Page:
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Santorini is without a doubt an elopement and wedding photographer’s dream! Beautiful traditional Greek architecture, the otherworldly view on the caldera, colourful flowers and trees, pastel everywhere you look, the stunning blue sea and dreamy light that you only seem to get on Mediterranean islands. I get the hype around eloping and getting married on Santorini!
A few days before the shoot I did the caldera hike from Karterados to Oia (about 12km) to become familiar with the island and scout wedding photography locations. This 3 hour hike (if you stop here and there for a Frappé coffee, Greek salad, picturesque alleyways or just take a break to soak in the views… make it more like 5 or 6 hours) But hey, that’s the beauty of exploring!
If you intend to do the caldera hike, my tip: start early! And with early, I mean sunrise early.
That way you not only beat the crowds, but you will also dodge the heat which gets super intense especially during the last section of the hike. And while we are at it, don’t forget to bring plenty of water, sunscreen and good shoes either. This hike is really intuitive, you can’t go wrong if you stay as close to the caldera edge as possible, even if you get side tracked or lost – all you need to do is find your way back to the path closest to the edge.
When I came by this spot close to Oia, I knew I wanted to shoot here! The sweeping views from the caldera in the evening light are one of the dreamiest I’ve ever had the pleasure to photograph a couple. I love mountains, that’s no secret – but I’d not be too sad if I could shoot these magic pastel colours every day for the rest of my life. A nice side effect: privacy, lots! Everyone heads to the very tip of Oia or other places like the capital Thira or Imerovigli for sunset – but the rugged and wild caldera edge will be the most quiet and majestic place (at least in my opinion) to watch the sunset.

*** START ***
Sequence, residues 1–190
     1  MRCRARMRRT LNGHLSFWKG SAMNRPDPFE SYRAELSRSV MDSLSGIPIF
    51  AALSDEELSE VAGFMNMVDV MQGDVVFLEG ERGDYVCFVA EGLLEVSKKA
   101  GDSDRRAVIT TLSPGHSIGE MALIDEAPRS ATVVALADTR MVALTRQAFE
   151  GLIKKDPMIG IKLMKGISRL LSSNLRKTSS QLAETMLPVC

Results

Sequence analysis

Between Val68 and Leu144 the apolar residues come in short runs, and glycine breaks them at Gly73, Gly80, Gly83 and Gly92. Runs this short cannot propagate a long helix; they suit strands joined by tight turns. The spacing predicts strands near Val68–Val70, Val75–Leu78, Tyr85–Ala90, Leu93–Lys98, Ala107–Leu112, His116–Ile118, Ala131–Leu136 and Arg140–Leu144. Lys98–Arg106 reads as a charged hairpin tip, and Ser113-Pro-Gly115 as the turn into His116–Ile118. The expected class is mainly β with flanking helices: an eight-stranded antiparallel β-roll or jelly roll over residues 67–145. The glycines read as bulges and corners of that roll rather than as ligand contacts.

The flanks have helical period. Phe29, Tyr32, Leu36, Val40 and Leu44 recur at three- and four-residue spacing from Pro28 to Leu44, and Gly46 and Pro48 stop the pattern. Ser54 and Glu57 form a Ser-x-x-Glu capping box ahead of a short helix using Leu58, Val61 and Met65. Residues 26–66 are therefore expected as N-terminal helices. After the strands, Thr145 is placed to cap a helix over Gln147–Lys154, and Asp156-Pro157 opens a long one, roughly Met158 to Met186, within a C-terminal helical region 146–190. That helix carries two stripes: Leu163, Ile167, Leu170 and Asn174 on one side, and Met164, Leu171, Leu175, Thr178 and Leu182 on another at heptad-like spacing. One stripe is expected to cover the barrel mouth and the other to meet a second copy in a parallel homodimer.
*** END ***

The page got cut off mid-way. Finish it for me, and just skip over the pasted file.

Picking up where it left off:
So here’s my top 5 top tips on how to beat the crowds on your elopement or wedding day on Santorini
Start early and schedule your shoot at sunrise before all the cruise ship tourists start to flock in. Extra benefit: it won’t be hot as hell
If you have to shoot at sunset, pick less busy villages like Imerovigli or Firostefani
Try to find a spot outside the villages with direct access to the caldera or a beach on the other side of the island (Perissa, Akrotiri) for a more rugged and wild feeling with stunning views. Explore the island for yourself first and don’t go where everybody tells you to go for “the best view”. Because, well, everybody goes there.
Book a private sunset boat tour
Consider going in shoulder season or, if you are really adventurous, in off-season. The weather can be tricky to handle and it can get really cold, but Santorini is a whole different island during off season – quiet and with most places closed, you’ll have the island almost to yourself.
On a more personal and different note – not everything is sunshine and oleander on Santorini. Being a sucker for animals, I was heartbroken to see the sheer number of stray animals (and especially cats) foraging the garbage at night on my way back to the hotel. I was aware of this problem on Greek islands before (and basically any other Mediterranean island), but the situation on Santorini has been brought to my attention in particular following the heartwarming story of Nala and Dean, a cyclist and his rescue kitten who met by chance and who are trying to make the world a better place. If you don’t know their story, go check it out! But fair warning, it will tear you up.
Hence the revenue of this shoot goes to Sterila Santorini Cats, a local animal shelter whose volunteers work hard to ease the suffering of the stray animals on the island without any government funding.
Imagine if every tourist donated only 1 Euro to the cause – wouldn’t Santorni be even more beautiful to visit?